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Jonathan Kraut: Proposition 32 clears politics of distractions

Democratic Voices

Posted: August 21, 2012 2:00 a.m.
Updated: August 21, 2012 2:00 a.m.
 

I thought I better air out the pros and cons of Proposition 32 now so that there is still time for thought and discussion.

Believe it or not, it is only about five weeks away from our true election day. The county will mail out absentee ballots about 30 days prior to the Nov. 6 presidential and local election. The Santa Clarita city clerk reported that about 76 percent of votes cast in our fair valley this spring were absentee. This means that many in Santa Clarita will be voting in the first weeks of October.

So if you haven’t heard, Proposition 32 is a big, big deal. If this statewide measure is passed, it strips the ability of corporations and labor unions from contributing to state and local campaigns and candidates.

OpenSecrets.org reports that from 1989 through 2012 just the top 140 contributors, mostly corporations and labor unions, have donated a staggering $2.3 billion to political campaigns. Then you have the “revolving door,” where lobbyists are being hired as part of an elected’s staff and officials after leaving office are being hired as lobbyists.

This proposition would not only make illegal direct participation in many state and local political activities by labor unions and corporations, but would ban the practice of labor unions allocating union dues toward political concerns unless union members authorize these actions in writing. Up until now bosses, often without direct member consent, may direct the automatic dues collected from its members to anywhere the union bosses desire.

Prop 32 would also ban political contributions by contractors who are employed by or under contract with local and state governments.

Imagine if we Californians decide to impede the political power and influence held by the unions and corporate interests. What if big pharma, big oil, the unions and insurance companies get their wings clipped and can no longer openly fly around the heads of our leadership in Sacramento? Imagine if the money that is paying for those false, misleading and simplistic political ads on TV dries up. What if only half the slanderous hit-pieces and personal attack ads show up in the mail on the eve of election day?

Of course loopholes eventually will be found, but at least big money and the unions will be forced to reorganize and pause to invent new ways to manipulate our elected officials. And naturally the elected will scramble to create new avenues to ingratiate themselves with corporate power and cash.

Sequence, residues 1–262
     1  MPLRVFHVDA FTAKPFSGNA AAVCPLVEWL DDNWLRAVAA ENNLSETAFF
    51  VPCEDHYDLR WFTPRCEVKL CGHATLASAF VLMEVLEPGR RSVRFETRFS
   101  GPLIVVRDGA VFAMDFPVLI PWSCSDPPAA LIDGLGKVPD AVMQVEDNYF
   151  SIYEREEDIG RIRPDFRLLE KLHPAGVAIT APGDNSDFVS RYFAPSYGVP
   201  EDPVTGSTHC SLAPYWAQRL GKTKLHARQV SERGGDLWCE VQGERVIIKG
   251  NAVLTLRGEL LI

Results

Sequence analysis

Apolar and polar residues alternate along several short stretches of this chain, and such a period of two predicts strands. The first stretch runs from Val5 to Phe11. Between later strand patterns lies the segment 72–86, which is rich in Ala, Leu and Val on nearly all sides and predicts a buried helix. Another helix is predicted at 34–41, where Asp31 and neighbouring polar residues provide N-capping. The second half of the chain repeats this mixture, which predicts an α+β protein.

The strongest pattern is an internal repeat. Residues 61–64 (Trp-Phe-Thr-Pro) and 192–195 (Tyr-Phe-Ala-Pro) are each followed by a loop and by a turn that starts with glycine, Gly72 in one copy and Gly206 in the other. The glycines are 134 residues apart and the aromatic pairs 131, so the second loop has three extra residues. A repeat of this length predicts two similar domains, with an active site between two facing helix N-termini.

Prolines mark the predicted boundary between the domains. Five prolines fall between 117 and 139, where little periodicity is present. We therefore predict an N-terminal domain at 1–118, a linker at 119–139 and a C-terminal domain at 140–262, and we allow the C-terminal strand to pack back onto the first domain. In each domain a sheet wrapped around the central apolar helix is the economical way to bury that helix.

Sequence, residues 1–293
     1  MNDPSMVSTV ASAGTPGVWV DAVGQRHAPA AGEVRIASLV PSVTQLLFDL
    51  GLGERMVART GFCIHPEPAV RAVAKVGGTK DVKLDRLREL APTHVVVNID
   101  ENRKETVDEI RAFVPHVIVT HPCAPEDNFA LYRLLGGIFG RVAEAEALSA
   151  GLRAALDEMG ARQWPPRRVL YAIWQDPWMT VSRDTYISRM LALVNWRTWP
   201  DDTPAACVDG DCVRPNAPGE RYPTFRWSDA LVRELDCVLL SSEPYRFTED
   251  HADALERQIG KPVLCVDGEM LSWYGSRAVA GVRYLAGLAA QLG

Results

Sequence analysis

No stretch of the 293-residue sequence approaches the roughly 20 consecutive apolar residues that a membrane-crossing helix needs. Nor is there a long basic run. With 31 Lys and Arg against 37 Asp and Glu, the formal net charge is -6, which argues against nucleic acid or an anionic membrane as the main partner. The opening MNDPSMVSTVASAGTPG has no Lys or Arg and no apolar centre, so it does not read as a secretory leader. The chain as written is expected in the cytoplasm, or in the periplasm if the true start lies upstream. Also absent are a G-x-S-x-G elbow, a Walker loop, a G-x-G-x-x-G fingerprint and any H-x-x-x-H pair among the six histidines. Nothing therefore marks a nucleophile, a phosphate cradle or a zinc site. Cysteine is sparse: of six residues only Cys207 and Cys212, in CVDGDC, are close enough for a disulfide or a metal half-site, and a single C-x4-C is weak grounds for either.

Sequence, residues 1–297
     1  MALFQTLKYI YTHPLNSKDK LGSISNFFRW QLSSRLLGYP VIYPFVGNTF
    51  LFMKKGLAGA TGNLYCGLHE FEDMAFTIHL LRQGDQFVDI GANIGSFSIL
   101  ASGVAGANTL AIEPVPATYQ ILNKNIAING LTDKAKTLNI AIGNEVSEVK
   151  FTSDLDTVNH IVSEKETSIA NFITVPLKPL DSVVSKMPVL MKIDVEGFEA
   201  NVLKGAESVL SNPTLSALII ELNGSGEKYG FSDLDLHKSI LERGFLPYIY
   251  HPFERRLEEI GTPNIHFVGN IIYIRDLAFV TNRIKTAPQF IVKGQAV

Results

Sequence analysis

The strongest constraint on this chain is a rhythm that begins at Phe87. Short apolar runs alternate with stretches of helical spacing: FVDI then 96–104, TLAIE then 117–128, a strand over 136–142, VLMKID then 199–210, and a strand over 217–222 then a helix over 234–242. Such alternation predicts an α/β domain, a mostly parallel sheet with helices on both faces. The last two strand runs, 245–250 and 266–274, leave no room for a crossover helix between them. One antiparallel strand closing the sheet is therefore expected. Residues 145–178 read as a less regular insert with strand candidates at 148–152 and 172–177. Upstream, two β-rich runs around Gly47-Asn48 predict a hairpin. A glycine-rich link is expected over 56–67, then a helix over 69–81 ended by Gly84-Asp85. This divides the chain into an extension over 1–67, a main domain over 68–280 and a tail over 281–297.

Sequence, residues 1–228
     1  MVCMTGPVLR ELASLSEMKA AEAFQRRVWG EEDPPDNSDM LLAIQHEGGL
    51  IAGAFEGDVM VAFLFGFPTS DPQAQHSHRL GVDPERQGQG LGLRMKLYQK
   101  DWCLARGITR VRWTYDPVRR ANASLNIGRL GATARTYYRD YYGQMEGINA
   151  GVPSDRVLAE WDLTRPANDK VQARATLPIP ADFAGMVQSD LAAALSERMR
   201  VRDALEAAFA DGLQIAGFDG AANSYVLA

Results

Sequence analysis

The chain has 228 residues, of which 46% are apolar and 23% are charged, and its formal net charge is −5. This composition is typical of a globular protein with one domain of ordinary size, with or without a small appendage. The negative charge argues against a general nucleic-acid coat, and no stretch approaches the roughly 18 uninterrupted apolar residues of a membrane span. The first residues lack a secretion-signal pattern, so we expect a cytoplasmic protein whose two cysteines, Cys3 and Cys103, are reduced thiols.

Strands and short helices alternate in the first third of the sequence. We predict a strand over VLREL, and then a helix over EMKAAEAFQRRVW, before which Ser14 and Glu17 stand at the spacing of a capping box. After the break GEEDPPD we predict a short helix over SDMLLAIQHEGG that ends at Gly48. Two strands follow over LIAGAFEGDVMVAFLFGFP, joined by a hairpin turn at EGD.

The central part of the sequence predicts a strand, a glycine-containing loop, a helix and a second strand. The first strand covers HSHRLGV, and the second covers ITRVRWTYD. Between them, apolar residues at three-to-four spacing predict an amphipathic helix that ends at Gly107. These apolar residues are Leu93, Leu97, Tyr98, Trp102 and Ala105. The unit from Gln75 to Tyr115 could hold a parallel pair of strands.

But Prop 32, for a while anyway, will be a real game-changer.

On the surface, Prop 32 promises to de-flower lobby influences that use greed and favors to divert political will away from the people’s work. One would think that the opposition of this super-funding by the lobbies, whom politicians now rely on to “get out their messages,” would be a largely Democratic view. It also would be logical to anticipate that those who defend any action that restricts freedom of speech and limits the expenditure of monies, i.e. the free-market Republicans, would fight Prop 32.

But in fact the alliances appear to be reversed. Many Democrats, commonly aligned with the “people” and labor unions, are fighting this one. Many Republicans, who embrace expanded freedoms from government restriction, are in favor of diffusing the power of unions and corporations.

In this case, the more liberal forces, who typically embrace government oversight to prevent abuses by corporate money, are largely opposed to this measure because it removes the leverage enjoyed by liberal-labor alliances for so many years. Wealthy businessmen are coming out in favor of 32, willing to mute the voice of unions at the expense of limiting corporations.

This proves that ideology doesn’t really matter when it comes to politics — rather, what seems to matter is an entity’s self-interest.

I say vote for Prop 32 to destabilize corruption and deflect the power wielded by the money that buys the ads that influence our votes. Californians might once again vote based on the intellect and character of those running for office. Maybe when the money that buys the distractions, manipulations and innuendo gives way, a clearer picture of what, whom, or why to vote will emerge.

Jonathan Kraut serves in the Democratic Party of the SCV, on the SCV Human Relations Forum, and SCV Interfaith Council.

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